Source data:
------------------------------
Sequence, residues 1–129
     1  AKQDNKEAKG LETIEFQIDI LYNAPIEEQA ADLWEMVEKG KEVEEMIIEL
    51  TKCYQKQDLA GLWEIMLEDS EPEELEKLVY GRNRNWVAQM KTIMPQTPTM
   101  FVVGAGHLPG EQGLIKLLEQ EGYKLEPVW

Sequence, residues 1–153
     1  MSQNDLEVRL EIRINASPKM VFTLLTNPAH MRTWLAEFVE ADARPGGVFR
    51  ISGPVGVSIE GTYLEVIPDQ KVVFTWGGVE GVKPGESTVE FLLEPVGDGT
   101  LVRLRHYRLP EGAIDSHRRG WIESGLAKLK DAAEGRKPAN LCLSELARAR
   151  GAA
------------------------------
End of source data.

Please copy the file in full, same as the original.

Sequence, residues 1–129
     1  AKQDNKEAKG LETIEFQIDI LYNAPIEEQA ADLWEMVEKG KEVEEMIIEL
    51  TKCYQKQDLA GLWEIMLEDS EPEELEKLVY GRNRNWVAQM KTIMPQTPTM
   101  FVVGAGHLPG EQGLIKLLEQ EGYKLEPVW

Sequence, residues 1–153
     1  MSQNDLEVRL EIRINASPKM VFTLLTNPAH MRTWLAEFVE ADARPGGVFR
    51  ISGPVGVSIE GTYLEVIPDQ KVVFTWGGVE GVKPGESTVE FLLEPVGDGT
   101  LVRLRHYRLP EGAIDSHRRG WIESGLAKLK DAAEGRKPAN LCLSELARAR
   151  GAA